A relationship expert with over 25 years experience counselling couples, individuals and families.

Jill Goldson: Spring clean your love life

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I am feeling particularly restless and this feeling seems to be focused on my marriage. We have been together 6 years and have a 4-year-old son. I still love my husband and I know he loves me - but we seem to irritate each other and it’s making me feel very dissatisfied. What should I do?
Enjoy the spring sunshine and get talking to your partner to clear away any cobwebs.
Photo / Thinkstock
Enjoy the spring sunshine and get talking to your partner to clear away any cobwebs. Photo / Thinkstock

The seasonal whiff of jasmine and the lighter mornings infuse us with a sense of growth and possibility. And it's interesting how that feeling can suddenly make us review how our life is - a bit like noticing just how many cobwebs there are in the bathroom, and that the windows are hard to see through.

To extend this metaphor a little further - perhaps rather than wondering if the house we live in is the problem and that we need to move, maybe it is time instead to do a little spring-cleaning.

I wish more people would name these problems, as you have done, because - common as your complaint is - it can also lead, if we are not careful, to a slippery downward trail for our most intimate and precious adult relationship.

You say you still love each other - but that you irritate each other. It is all too easy to become intimate strangers as we plough on through the winter months, with our routines and to-do lists and our good intentions.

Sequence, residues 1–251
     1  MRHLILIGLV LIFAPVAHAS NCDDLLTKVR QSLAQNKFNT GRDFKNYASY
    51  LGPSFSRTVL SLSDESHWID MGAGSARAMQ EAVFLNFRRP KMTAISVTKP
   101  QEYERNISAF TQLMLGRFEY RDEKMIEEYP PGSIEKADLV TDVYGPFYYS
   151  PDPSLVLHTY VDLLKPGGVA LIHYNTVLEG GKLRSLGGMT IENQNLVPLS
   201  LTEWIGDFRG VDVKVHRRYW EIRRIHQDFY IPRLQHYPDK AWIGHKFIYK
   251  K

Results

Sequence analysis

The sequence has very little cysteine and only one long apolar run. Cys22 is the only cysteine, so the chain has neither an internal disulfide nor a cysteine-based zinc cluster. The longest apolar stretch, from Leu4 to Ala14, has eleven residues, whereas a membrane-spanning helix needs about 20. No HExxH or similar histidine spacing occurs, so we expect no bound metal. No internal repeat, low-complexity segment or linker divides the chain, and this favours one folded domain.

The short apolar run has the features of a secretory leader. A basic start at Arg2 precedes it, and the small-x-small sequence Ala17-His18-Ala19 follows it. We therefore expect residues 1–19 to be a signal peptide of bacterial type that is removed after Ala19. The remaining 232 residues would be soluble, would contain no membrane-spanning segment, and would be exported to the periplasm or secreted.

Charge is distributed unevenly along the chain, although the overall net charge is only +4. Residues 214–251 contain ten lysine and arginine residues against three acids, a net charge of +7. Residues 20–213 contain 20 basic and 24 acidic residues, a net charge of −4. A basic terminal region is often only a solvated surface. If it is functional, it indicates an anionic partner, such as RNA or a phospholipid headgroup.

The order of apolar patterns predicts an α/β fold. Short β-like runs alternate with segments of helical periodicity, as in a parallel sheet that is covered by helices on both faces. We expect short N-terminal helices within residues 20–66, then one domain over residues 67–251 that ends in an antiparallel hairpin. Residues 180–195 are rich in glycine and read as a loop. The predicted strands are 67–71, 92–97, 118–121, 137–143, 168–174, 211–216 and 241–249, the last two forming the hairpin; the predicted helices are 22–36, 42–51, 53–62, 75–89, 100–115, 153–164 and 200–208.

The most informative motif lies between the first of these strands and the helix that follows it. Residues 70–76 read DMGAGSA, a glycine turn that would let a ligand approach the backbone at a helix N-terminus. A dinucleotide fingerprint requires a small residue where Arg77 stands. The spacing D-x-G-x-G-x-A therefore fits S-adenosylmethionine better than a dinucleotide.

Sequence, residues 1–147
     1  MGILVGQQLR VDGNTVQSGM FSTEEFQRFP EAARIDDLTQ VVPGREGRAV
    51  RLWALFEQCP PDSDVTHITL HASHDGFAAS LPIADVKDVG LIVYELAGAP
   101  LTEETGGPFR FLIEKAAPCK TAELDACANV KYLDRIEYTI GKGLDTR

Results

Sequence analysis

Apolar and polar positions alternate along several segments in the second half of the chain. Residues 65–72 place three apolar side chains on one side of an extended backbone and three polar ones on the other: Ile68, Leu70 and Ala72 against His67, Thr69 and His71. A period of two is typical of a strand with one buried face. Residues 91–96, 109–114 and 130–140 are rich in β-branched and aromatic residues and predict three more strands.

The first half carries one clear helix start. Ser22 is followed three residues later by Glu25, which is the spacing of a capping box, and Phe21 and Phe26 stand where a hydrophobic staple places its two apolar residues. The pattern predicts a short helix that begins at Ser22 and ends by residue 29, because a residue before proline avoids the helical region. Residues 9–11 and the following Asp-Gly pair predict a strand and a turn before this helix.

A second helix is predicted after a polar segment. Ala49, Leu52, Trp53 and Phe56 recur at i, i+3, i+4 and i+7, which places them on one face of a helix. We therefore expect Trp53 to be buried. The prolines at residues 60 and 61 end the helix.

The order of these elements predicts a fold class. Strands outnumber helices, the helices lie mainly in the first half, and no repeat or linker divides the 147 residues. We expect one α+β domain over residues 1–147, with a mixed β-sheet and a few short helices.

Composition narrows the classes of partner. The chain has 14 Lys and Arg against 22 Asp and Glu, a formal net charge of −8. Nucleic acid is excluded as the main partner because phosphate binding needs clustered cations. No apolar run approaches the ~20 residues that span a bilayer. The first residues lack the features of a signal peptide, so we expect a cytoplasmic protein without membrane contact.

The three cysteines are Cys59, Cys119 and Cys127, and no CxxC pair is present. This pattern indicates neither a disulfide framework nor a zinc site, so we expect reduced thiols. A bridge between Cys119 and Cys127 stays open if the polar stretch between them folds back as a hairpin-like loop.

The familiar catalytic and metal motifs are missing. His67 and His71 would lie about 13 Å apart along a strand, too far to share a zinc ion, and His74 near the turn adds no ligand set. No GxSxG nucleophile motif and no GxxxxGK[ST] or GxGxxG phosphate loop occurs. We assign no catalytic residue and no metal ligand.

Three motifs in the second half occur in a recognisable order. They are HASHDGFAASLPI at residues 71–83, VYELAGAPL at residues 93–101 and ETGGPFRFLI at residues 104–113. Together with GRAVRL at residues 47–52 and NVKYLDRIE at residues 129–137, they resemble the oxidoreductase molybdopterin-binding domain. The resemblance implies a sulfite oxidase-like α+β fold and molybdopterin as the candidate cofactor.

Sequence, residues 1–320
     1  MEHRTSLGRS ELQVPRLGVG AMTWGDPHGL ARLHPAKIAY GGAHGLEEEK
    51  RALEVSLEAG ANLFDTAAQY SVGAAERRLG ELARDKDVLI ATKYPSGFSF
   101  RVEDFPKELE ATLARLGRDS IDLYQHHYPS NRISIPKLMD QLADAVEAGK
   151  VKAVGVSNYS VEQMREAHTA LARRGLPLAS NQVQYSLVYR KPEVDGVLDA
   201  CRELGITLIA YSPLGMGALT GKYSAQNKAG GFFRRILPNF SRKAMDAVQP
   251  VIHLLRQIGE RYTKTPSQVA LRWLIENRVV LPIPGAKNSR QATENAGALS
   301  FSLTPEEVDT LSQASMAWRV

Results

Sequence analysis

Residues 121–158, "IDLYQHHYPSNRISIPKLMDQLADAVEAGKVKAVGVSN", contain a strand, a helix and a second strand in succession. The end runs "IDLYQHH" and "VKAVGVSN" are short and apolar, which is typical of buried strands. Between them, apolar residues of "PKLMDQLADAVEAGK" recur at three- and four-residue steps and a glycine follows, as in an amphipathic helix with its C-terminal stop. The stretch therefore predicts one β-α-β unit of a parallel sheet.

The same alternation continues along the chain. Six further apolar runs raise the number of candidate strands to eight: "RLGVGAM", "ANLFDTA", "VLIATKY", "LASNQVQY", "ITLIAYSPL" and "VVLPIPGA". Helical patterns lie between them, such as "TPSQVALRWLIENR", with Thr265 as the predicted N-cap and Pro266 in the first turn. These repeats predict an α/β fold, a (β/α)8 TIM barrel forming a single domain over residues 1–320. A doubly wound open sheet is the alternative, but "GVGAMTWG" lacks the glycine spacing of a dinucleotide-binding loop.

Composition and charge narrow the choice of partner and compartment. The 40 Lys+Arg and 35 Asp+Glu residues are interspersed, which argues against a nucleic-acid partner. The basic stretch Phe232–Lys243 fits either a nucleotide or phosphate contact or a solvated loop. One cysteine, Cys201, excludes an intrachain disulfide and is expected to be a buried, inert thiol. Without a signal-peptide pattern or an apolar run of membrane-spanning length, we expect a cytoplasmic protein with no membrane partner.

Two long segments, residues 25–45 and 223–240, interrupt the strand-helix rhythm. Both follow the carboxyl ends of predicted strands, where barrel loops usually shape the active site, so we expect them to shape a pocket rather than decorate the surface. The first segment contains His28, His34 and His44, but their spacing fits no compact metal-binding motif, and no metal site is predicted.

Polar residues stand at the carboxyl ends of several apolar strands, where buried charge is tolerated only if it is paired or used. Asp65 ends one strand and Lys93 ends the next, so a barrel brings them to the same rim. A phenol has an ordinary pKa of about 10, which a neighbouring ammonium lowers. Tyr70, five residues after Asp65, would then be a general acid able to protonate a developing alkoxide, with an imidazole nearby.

That cup of tea in bed, that once spelt such tenderness at the beginning of our lives together - can change to an experience of irritation. Why does he always put the teabag on the white bench top? and so it goes on. Somehow negative feelings triggered by small details can set the mood for the day, snowballing into frustration about the unpaid electricity bill, or the fact that someone has trodden mud into the house.

All very petty, but despite agreeing with the exhortation that we should not sweat the small stuff, most of us know these snail trails of incremental frustrations and how they can mount to quite an overwhelming sense of blahness. And how easy it is to attribute disproportionate feelings to the small faults of our partner, which can some days irritate so much.

When we reflect and take stock, we can be philosophical about the commonplace relativity of irritation. However, when these patterns of negative thought embed themselves into the dynamics of our communication, we can be in danger of a self-defeating pattern and this can build a real brittleness into the previous robustness of our relationship.

Lots of factors contribute to why some people struggle more than others do in their relationships But notwithstanding the big issues, that affect us all - the "slings and arrows of outrageous fortune," as Shakespeare called them - the quality of the cut and thrust of daily life simply has to be conscious if we want to maintain our most precious relationships.